Way back in the very different world of 1968, the film 2001: A Space Odyssey presented a villain like no other, Hal 9000. The doorbell-sized camera showed a potential future where artificial intelligence was cunning, emotive and downright evil.


We’re now 22 years on from the setting of this futuristic film and while the past year has been rampant with developments in AI, it isn’t as threatening as the years of science fiction would have had us believe.

Instead, the futuristic tool that most people will be familiar with from the world of artificial intelligence is ChatGPT. A platform that takes worded prompts and returns… well, whatever you ask for.

It can create poems, write essays, offer ideas for new companies, have a conversation with you and just about everything inbetween. But while ChatGPT is evidently an impressive development, it isn’t without its clear flaws.

The model is often confused, can be caught off-guard with clever prompts and isn’t winning any awards for the creativity of its poems. However, this is all starting to change as the technology evolves.

OpenAI, the company behind ChatGPT, has now announced the latest version of the technology known as GPT-4. This gives the chatbot the ability to deal with far longer reams of text, better understand complex ideas, and even express creativity to a higher level.

© NurPhoto / Contributor
© NurPhoto / Contributor

What it means above all is that the tool that started off writing bad poems, confused articles and painful jokes is getting smarter. It can do more, understand more, and the thing that will worry most people: challenge more industries.

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In early examples of GPT-4, OpenAI demonstrated its ability to process images, creating a full working website from an image of a drawn website plan. It could do a tax return and even analyse the food in your fridge to offer up potential recipes.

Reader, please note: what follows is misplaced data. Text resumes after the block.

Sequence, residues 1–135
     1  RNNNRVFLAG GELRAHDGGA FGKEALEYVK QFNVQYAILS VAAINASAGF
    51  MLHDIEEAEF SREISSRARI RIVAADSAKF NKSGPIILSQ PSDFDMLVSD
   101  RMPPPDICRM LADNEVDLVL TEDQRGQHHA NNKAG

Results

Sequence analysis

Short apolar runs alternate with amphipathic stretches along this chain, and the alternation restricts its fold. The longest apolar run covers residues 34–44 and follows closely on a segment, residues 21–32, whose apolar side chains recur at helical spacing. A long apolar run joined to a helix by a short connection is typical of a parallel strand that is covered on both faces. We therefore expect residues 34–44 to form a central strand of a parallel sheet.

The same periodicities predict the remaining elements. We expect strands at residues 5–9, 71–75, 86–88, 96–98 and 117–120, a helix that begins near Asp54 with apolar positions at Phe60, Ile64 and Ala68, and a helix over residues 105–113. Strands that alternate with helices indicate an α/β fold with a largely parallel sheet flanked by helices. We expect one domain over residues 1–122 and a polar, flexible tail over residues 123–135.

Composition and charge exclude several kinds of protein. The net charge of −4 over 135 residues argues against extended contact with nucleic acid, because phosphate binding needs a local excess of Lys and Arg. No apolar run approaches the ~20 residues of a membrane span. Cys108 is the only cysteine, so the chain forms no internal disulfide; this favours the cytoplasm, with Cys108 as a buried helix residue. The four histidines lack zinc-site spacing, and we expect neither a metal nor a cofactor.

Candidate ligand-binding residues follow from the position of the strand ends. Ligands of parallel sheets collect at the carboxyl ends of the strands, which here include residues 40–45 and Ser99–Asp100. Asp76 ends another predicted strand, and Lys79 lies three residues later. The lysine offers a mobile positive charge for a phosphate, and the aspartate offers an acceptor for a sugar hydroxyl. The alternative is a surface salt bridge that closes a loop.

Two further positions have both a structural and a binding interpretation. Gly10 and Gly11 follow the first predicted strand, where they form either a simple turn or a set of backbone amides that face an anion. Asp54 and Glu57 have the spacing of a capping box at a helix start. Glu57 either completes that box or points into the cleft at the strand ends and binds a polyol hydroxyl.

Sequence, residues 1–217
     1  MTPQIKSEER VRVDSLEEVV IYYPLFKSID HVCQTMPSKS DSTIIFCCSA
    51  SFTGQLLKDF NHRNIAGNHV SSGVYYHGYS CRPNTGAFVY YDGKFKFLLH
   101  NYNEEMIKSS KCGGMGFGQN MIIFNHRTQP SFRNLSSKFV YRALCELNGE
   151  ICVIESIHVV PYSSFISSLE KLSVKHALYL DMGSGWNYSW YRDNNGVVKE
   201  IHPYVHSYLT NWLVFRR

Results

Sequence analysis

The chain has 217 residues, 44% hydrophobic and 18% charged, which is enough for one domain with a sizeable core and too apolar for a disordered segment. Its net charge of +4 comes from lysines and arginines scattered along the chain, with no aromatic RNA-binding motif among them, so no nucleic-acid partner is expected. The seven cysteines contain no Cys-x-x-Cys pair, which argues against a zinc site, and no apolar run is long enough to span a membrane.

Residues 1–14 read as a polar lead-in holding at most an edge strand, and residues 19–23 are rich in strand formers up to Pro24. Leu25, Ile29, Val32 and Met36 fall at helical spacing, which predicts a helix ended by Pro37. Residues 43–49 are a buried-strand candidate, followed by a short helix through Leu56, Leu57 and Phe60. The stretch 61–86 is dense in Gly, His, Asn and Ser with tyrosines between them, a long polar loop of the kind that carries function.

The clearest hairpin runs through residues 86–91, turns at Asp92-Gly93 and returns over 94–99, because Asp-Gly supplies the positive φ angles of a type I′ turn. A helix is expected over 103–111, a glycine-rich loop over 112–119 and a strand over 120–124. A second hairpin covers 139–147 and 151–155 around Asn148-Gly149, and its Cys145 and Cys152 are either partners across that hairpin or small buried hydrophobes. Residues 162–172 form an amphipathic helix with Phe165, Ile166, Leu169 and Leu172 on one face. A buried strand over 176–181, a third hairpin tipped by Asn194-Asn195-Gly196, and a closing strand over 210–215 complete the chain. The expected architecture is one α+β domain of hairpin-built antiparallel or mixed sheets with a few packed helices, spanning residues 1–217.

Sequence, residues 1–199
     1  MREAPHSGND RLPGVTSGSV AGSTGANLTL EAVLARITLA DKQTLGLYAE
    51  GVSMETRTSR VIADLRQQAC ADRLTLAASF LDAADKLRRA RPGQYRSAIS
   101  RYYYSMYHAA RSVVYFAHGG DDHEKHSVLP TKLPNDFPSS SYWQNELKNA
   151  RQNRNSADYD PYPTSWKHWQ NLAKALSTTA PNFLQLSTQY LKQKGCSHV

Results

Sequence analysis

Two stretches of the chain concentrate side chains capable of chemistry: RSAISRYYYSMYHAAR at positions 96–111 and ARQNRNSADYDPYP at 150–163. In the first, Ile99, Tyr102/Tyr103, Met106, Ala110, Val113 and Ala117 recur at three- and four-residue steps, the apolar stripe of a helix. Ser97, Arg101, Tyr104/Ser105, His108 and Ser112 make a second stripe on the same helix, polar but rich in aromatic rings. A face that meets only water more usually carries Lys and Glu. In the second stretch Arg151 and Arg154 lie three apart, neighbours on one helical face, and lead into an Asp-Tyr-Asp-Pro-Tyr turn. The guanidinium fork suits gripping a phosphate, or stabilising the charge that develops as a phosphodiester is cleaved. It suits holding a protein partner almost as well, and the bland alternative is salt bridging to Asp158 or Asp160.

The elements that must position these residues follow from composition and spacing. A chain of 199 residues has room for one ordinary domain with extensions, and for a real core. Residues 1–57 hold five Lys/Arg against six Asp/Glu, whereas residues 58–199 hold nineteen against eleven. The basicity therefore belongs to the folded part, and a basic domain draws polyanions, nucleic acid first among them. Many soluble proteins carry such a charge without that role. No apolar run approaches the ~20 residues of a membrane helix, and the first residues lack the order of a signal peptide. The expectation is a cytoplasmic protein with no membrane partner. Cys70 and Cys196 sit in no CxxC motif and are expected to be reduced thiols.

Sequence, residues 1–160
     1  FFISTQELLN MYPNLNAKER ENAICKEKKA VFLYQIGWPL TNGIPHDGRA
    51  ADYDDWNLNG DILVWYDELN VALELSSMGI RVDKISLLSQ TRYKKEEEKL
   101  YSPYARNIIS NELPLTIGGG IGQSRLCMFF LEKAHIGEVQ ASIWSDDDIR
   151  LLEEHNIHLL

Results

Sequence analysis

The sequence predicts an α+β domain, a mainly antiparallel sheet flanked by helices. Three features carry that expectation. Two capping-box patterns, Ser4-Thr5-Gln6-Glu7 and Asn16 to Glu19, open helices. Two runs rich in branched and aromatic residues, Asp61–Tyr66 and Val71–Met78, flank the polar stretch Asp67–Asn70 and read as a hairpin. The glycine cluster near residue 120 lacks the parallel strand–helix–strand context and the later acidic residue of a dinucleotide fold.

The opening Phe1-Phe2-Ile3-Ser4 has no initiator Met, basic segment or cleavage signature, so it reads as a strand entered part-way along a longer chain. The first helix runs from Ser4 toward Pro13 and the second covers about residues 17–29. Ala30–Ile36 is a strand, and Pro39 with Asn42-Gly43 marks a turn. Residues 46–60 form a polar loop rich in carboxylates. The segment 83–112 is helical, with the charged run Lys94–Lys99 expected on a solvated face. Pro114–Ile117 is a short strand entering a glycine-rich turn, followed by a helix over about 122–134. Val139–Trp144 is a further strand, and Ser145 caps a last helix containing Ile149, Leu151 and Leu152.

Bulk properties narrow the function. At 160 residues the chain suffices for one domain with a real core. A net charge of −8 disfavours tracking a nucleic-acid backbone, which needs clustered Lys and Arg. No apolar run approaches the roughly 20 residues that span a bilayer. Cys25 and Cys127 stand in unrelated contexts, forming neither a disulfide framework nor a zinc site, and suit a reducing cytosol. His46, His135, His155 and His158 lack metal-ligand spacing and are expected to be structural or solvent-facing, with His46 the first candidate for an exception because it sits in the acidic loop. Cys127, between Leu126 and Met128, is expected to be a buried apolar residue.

Now seemingly more than just a way to create viral content, what does the future of ChatGPT hold? “There are no end of applications for this technology because it is really a gateway to our own knowledge,” explains Peter Bentley, a computer scientist and author based at University College London.

“It makes existing knowledge accessible efficiently. Early and very basic applications were using it write documents, or blogs. Then we discovered it could write computer code.”

While these early applications still had uses in the real world, they were limited to the likes of writing news articles and dealing with smaller tasks around copy, like writing terms and conditions or a website’s manifesto.

© Bloomberg / Contributor
© Bloomberg / Contributor

“Now it can understand images so it could be used to summarise the content of images, or make complex suggestions from images (e.g describe how this building could have its energy efficiency improved or tell me which trousers would go with my shoes). This may be the new way we search the internet,” says Bentley.

A new way of using the internet is something we hear a lot (we’re looking at you, metaverse), but ChatGPT is already there. Microsoft has implanted the technology into its Bing search engine and is currently using the updated GPT-4 version.

Equally, Google is now working on a competitor called ‘Bard’. It would work in a similar way to ChatGPT and realistically, would be used to improve Google’s search engine in the same way as Microsoft has with Bing.

“It’s quite hard to predict what we will use it for because even the creators of GPT-4 do not know what it can do,” says Bentley.

“The best prediction I can give is that this is the start of a new exponential. We had the dot com boom (and bust). We had the mobile app boom. Now we will have the large language model (LLM) boom.”

This is a boom that is already in full swing. Companies like Duolingo and Khan Academy have started to include ChatGPT into their apps to offer more personalised experiences.

Equally, payment software companies Stripe and Salesforce are using GPT-4 to improve their software, and even the Government of Iceland has opted into GPT-4, using it to help preserve the Icelandic language.

As Bentley pointed out we are very much in the middle of a large language model boom, but this is happening alongside a boom in artificial intelligence in general. There are ways to create images from scratch using AI, software to make your own 3D models, and even companies working on recreating your voice from a few soundbites.


Right now, OpenAI seems to be ahead of the curve, developing GPT-4 into a form of artificial intelligence that can revolutionise industries from web design to the legal profession, writing and comedy and even tasks like customer service, automation and learning a new language.

About our expert, Prof Peter Bentley

Peter is a computer scientist and author who is based at University College London. He is the author of books including 10 Short Lessons in Artificial Intelligence and Robotics and Digital Biology.

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Alex is a staff writer at BBC Science Focus. He has worked for a number of brands covering technology and science with an interest in consumer tech, robotics, AI and future technology.